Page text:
MNet, started in 1986, is a subscription channel broadcast on an encoded signal that requires a decoder for viewing. The content is a mix of children’s entertainment, drama, sport and movies, most sourced from the US and, to a lesser extent, the UK. The channel does not carry any news programming, although it does run some current affairs programmes such as the well-regarded Carte Blanche.

DStv is Multichoice’s digital satellite service, launched in 1995. The subscription-based service is available in South Africa and throughout Africa.

DStv carries a wide variety of channels, ranging from South African produced content, to international syndicated content, sports and news. There are also various “bouquets”, a bundle of channels available for catering to some of South Africa’s expatriate communities.

DStv has recently introduced high-definition and mobile television services, although subscribers wishing to view these will have to buy new hardware.

DStv channels with South African or African content are:

  • AfrikaMagic – an entertainment channel dedicated to African programming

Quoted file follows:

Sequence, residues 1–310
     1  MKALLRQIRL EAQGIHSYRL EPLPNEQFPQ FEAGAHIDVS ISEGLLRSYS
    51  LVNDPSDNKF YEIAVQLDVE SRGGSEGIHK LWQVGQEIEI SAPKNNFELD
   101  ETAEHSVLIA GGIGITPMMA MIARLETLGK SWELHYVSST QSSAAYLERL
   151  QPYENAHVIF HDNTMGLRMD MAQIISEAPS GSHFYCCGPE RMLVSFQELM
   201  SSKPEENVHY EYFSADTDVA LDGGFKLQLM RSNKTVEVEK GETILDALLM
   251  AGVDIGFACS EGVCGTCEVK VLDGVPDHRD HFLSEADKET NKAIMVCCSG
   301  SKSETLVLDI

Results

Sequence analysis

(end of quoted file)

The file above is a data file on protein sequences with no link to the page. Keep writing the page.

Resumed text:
• Channel O – African popular music channel
  • CNBC Africa – Africa’s first 24-hour international business channel, providing real-time information and analysis about African business and Africa’s financial markets
  • Fin24 – an interactive service offering local and international financial news and indicators
  • Kyknet – entertainment programming in the Afrikaans language
  • Mindset Learn – educational channel based on the South African curriculum and aimed at grades 10 to 12, covering the maths, science and English syllabuses
  • MK – popular music in Afrikaans
  • News24 – local, regional and international news, sport, entertainment, science and technology, finance, health and weather coverage
  • Parliamentary Service – live and recorded sessions from South Africa’s parliament
  • Weather Channel – detailed weather information on 35 cities and towns in South Africa, as well as in Africa and elsewhere

Multichoice had a Web TV service, Kuduclub, for South Africans living further afield. This ended in March 2011.

E.tv

Launched in 1998, e.tv is South Africa’s only free-to-air television channel. The station carries a mix of news, sports and entertainment. E.tv broadcasts mainly in English, although it does carry some programming in other languages in order to comply with its licence requirements.

TopTV

TopTV, run by On Digital Media, launched its pay-TV services in May 2010. Subscribers have a choice of seven bouquets, ranging from R99 to R249 per month. The equipment bundle was affordable, and has become significantly cheaper still in the months since.

The introduction of competition in the pay market sparked a reaction from DStv, which wasted no time in launching a cheaper alternative, with fewer channels, to its premium package. It also offered new subscribers a cheaper equipment bundle, which has also dropped in price since its launch.

Related articles